Tuesday, March 14, 2006
Constructing an academic life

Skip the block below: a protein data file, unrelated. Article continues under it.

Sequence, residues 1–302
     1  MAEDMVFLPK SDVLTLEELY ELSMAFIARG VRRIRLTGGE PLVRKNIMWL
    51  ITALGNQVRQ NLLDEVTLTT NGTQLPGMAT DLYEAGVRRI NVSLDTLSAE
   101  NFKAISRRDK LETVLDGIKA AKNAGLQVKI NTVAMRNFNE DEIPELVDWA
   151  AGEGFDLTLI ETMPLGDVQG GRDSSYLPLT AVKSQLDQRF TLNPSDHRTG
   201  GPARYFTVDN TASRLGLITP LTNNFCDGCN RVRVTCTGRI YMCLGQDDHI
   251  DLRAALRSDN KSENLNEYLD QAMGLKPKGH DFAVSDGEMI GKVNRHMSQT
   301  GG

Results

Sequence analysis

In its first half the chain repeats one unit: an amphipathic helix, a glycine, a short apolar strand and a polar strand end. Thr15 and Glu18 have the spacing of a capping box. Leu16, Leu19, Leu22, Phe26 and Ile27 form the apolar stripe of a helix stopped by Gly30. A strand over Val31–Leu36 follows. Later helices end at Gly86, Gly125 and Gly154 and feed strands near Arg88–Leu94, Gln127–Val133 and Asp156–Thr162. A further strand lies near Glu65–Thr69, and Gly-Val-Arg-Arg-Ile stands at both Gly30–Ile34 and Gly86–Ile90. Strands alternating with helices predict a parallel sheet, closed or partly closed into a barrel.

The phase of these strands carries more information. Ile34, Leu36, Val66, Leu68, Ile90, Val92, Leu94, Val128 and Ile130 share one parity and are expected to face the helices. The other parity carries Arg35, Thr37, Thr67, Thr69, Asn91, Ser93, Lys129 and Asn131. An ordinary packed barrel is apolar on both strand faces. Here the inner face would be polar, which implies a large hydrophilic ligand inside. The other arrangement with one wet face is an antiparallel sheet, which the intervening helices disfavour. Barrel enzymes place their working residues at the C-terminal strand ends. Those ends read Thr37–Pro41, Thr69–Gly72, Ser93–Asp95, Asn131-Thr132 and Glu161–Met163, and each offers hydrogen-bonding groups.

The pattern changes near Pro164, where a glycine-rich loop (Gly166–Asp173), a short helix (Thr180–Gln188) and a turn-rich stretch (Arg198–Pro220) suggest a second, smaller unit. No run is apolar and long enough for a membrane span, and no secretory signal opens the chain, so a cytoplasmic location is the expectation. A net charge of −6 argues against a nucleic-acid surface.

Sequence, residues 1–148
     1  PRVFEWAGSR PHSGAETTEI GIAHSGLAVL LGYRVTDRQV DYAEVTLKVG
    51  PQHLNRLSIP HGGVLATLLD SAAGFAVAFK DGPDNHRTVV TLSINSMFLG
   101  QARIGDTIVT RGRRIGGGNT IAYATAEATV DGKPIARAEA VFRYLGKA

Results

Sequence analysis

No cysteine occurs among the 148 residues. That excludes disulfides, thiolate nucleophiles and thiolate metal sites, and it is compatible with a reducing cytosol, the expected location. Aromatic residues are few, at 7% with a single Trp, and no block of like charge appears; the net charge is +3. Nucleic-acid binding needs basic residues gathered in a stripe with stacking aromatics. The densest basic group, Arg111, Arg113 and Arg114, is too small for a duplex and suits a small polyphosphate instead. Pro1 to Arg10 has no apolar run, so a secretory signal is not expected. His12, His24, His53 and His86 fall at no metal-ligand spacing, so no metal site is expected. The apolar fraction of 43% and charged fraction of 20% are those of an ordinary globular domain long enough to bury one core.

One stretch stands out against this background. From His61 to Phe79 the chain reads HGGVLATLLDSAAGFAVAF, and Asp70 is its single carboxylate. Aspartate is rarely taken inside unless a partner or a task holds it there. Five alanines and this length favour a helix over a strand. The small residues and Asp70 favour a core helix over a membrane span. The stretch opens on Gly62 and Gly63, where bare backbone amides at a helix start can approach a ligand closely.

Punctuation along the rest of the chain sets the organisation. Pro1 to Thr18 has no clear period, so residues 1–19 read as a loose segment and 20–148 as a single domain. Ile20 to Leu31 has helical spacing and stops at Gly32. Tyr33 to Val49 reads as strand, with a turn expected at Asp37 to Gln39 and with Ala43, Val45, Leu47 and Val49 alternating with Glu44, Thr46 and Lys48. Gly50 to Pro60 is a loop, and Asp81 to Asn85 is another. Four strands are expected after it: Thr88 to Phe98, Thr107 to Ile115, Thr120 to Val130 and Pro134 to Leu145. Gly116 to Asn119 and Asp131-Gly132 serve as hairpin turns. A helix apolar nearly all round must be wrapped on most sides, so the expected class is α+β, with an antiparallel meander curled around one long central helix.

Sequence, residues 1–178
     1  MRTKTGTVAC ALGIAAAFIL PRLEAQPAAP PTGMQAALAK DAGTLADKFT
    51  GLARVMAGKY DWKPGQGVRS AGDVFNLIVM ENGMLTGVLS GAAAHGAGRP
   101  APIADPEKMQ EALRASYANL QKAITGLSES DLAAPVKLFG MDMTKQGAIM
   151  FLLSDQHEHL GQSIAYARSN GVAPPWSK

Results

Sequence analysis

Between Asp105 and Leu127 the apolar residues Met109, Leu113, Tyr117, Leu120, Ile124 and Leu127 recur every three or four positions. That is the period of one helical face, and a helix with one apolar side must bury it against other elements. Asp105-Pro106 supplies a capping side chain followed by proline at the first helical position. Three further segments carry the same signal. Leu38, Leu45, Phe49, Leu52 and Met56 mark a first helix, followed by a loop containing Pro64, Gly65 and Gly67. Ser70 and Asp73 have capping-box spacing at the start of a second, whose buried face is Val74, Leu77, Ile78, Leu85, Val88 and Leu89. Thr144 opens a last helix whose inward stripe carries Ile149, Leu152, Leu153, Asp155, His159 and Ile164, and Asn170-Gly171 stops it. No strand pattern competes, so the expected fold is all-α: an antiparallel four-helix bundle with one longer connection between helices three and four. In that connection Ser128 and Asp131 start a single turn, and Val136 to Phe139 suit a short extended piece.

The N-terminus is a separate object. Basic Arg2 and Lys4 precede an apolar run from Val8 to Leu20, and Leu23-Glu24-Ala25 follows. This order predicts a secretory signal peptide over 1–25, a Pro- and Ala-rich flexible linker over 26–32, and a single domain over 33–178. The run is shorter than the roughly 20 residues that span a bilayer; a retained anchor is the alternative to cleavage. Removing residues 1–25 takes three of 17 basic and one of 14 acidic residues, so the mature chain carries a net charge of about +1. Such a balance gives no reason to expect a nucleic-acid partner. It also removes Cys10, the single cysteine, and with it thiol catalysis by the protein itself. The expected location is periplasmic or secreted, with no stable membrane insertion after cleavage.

Last week Professor Laurel Richardson came to give a free public lecture at Melbourne University. I would have loved to have gone but I’d already been out two nights that week so I decided not to. Then I picked up her 1997 book Fields of Play: Constructing an academic life. I am enjoying it immensely and thinking I should have gone to hear her speak. Oh well. Her defence of experimental writing including the writing of narrative and fiction to explore academic knowledge is boundary defying. She asks questions like: How do the specific circumstances in which we write affect how we write? How does what we write affect who we become? Her connection of autobiography and theory has resonance with me both as a blogger and in my Masters work where I am investigating my own practice in the classroom and reflecting on it. It is amazing how what she writes in 1997 (before blogging) has so much relevance now when bloggers do this work routinely. But there is still a disconnect between what bloggers think we’re doing and what many academics think of blogging. The lack of editors and other gatekeepers, and the lack of peer review make the knowledge production of edubloggers suspect in some people’s eyes. This is strange I think since blogging is not so much a technique, as a space where people write and are read, where readers can comment and writers review. Isn't this what learning is about?